A Muslim teenager built a simple clock out of electronic components and took it to show his engineering teacher at school — but he was arrested when another teacher thought it looked like a bomb and alerted administrators.
Police in Irving, Texas, never suspected the device was an explosive device and did not alert the bomb squad, but they still arrested 14-year-old Ahmed Mohamed because he could offer no “broader explanation” for his clock besides describing it as a device that measures time.
When another 14-year-old boy built a nuclear reactor at his parents’ home he was invited to meet with officials from the U.S. Department of Homeland Security and the U.S. Department of Energy — who offered their expert assistance, equipment and encouragement to apply for a research grant.
READ MORE: The mayor of Ahmed Mohamed’s town is a well-known conservative folk hero for fighting fake Muslim ‘threats’
Irving police chief admits: Cops knew Ahmed Mohamed didn’t have a bomb when they arrested him
Taylor Wilson, who is white, entered his nuclear fusion reactor five years ago in a series of science fairs that eventually won him a trip to Switzerland, where he toured the Large Hadron Collider — the world’s largest particle accelerator.
Wilson, now 21 years old, later won $50,000 at a science fair for an anti-terrorism device he invented that can detect nuclear materials in cargo containers.
He demonstrated that device to President Barack Obama at another science fair organized at the White House.
The president also invited Mohamed to visit him at the White House after the Muslim teen’s story sparked national outrage over an apparent double standard.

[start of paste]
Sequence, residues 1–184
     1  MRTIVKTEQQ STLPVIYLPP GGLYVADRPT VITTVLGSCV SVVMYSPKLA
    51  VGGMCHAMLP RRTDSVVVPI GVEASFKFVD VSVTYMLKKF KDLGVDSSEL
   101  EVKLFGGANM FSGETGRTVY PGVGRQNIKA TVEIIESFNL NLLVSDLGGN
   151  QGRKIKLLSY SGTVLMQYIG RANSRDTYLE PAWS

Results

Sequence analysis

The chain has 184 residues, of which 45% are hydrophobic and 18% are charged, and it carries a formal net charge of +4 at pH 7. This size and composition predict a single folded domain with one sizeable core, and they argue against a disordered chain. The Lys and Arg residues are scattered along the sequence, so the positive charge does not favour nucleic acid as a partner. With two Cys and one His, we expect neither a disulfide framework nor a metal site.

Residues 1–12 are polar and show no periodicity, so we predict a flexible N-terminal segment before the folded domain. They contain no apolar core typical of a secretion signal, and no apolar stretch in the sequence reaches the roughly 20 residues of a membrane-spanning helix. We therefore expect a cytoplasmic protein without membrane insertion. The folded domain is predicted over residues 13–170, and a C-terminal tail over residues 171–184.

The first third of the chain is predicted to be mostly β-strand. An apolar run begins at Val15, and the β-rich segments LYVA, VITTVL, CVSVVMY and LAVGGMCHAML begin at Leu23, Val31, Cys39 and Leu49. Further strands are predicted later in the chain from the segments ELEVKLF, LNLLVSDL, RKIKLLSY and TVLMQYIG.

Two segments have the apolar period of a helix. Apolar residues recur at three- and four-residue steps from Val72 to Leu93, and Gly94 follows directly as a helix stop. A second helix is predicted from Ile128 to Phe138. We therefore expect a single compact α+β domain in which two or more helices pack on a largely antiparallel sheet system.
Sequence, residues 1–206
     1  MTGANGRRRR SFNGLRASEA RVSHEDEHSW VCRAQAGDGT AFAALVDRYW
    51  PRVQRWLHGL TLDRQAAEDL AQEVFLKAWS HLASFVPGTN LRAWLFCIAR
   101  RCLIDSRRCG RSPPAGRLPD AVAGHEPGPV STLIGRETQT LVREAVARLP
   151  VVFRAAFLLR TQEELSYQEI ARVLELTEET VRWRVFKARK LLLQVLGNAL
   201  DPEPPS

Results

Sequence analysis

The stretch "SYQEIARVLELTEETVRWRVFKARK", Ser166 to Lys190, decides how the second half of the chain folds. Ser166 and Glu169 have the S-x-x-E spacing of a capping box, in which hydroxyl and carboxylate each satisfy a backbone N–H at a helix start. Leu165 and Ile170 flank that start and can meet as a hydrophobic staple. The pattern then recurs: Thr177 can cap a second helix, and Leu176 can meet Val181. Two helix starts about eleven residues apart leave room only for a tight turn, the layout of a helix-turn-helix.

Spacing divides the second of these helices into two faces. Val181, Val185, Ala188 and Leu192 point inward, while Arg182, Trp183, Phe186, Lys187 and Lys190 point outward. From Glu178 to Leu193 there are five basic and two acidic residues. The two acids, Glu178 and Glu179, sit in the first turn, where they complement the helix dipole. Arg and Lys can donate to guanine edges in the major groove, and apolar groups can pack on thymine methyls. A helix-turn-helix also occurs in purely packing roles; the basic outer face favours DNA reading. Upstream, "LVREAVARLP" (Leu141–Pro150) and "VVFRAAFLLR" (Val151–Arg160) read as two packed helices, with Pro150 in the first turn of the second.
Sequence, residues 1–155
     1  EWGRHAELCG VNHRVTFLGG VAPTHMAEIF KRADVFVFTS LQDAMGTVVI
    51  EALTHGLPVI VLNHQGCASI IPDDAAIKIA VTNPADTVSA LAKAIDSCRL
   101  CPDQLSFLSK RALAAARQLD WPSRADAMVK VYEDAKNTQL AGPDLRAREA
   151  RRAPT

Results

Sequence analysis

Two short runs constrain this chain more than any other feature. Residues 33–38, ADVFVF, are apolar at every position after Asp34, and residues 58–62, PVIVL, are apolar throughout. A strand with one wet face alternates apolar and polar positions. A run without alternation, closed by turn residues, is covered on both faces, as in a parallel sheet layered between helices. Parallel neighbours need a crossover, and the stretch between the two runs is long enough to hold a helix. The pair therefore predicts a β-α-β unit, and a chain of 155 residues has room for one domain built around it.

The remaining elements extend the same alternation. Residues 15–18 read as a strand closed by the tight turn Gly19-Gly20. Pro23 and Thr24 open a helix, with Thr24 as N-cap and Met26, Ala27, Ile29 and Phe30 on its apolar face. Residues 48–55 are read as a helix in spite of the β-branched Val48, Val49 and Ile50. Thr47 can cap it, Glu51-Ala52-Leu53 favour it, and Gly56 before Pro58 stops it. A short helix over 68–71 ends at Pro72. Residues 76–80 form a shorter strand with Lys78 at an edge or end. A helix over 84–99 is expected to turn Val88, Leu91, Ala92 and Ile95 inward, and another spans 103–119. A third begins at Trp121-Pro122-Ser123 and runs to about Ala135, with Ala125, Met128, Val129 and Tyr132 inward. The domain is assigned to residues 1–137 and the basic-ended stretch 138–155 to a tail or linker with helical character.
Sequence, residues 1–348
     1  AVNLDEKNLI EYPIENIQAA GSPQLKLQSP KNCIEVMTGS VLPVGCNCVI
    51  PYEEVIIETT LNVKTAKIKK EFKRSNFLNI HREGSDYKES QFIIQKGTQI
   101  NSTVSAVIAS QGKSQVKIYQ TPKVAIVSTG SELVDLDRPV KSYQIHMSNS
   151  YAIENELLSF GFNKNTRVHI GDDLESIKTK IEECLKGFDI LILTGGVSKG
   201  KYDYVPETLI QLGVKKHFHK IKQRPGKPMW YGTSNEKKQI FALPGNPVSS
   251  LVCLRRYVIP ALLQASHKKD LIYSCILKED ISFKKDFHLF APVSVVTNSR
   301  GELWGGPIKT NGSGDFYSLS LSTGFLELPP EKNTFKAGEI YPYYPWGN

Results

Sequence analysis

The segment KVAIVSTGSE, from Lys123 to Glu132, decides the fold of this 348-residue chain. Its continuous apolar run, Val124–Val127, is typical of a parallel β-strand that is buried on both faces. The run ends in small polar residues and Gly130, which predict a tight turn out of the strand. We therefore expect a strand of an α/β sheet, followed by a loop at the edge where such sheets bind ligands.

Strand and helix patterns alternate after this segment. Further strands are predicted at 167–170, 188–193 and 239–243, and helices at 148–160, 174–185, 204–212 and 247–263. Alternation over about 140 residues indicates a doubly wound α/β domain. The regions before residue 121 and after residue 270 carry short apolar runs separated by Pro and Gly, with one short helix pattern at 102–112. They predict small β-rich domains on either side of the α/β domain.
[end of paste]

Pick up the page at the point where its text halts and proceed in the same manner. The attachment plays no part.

Cool clock, Ahmed. Want to bring it to the White House? We should inspire more kids like you to like science. It’s what makes America great.
— President Obama (@POTUS) September 16, 2015
A black Florida teen was arrested and expelled in April 2013 after her science fair experiment, which involved mixing toilet bowl cleaner and aluminum foil in a plastic water bottle, created a chemical reaction that resulted in a firecracker-like “pop” and some smoke.
The reaction caused no injuries or damage, but the principal of Bartown High School feared the device had violated school policies.
Police charged Kiera Wilmot, then 16, with possession and discharge of a weapon on school grounds and with discharging a destructive device.
The honors student was eventually cleared of charges and went to the U.S. Space Academy after a NASA veteran heard about her story and paid for scholarships for Wilmot and her twin sister.
Watch Taylor Wilson discuss his nuclear reactor in this TED Talk: